Gone are the days when corporate functions were ‘rubber chicken’ affairs with name tags stuck to suit lapels. The demands of today’s business events are complex, the expectations of delegates are high and the stakes for host companies are even higher.
Consider the results of a recent study conducted by MPI (Meetings Professional International). Foundation U.S.: it found that 40 per cent of prospective customers were converted at in-person get-togethers, while 28 per cent of current business would be lost without face-to-face meetings. As these studies indicate, the success or failure of corporate functions can have significant make or break consequences.
That’s why a growing number are calling on event management experts to plan and promote their functions: the planning pros sort out the time-consuming and labour-intensive details while business leaders focus on other priorities. In doing so, businesses are saving valuable time and money, eliminating stress, and, most importantly, helping to guarantee an event to remember.
Atlantic Business Magazine contacted some of the region’s top event planning specialists to share their thoughts on what it takes to create meaningful and impactful events. Their advice? Plan ahead. Promote early. Be creative. Stay within budget. Never lose sight of your goals. Know your delegates. Build relationships. Have fun and treat out-of-town guests to that trademark East Coast welcome.
All these elements contributed to the success of Atlantic Canada House (the region’s Olympic Winter Games pavilion) and Ruckus on the Edge (St. John’s’ Juno Awards pre-show). The two events provided the region with unprecedented opportunities to showcase its cultural vitality, economic diversity and genuine hospitality to national and international audiences of millions.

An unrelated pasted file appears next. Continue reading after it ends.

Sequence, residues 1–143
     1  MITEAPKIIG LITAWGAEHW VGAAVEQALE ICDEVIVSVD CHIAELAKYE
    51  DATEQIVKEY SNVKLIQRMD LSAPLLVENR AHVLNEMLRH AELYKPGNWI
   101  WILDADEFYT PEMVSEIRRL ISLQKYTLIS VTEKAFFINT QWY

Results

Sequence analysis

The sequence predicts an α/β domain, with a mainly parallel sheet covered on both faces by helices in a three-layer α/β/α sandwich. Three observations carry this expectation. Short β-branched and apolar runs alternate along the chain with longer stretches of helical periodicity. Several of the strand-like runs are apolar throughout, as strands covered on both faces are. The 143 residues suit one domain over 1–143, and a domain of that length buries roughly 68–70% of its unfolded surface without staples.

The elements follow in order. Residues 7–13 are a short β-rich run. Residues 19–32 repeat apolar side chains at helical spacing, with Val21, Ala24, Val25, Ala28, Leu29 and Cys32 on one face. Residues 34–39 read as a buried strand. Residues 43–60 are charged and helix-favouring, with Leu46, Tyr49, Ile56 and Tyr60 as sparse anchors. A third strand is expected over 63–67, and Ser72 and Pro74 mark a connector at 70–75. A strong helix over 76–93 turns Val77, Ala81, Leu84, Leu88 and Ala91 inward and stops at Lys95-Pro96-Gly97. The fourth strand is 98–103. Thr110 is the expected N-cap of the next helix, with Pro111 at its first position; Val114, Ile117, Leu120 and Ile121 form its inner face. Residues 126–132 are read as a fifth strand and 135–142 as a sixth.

In addition to the traditional crowd-pleasers, event organizers employed outside-the-box thinking and web-based technologies to create buzz and drive traffic to their doors. In addition to Facebook and Twitter, Atlantic Canada House used press leaks, media tours and even a wrapped city bus that rolled through the streets of Vancouver 24-7 to build hype.
The result? Line-ups that stretched for city blocks; over 2,100 Facebook fans (the highest number, second only to Canada’s Hockey House); and, 500 mainstream and social media hits, including a “gold medal” from the Vancouver Sun. In total, 75,000 people, from all corners of the globe, visited Atlantic Canada House – named one of the top three must-see pavilions at the Games.
“The lesson for us from Atlantic Canada House is one of preparation,” says David MacKenzie, chief executive officer of the Confederation Centre of the Arts and the pavilion’s lead logistics, marketing and entertainment co-coordinator. “When we opened up, the word was already out there that Atlantic Canada House was the place to be.”
That same lesson can be applied to corporate functions, notes MacKenzie who is now back at his usual post, working behind the scenes to ensure events at the Centre go off without a hitch. The Centre is among an impressive range of meeting facilities Atlantic Canada has to offer, with options to suit every meeting style and budget. Often these venues provide on-site catering, audio visual equipment, table and linen rentals as part of all-inclusive packages.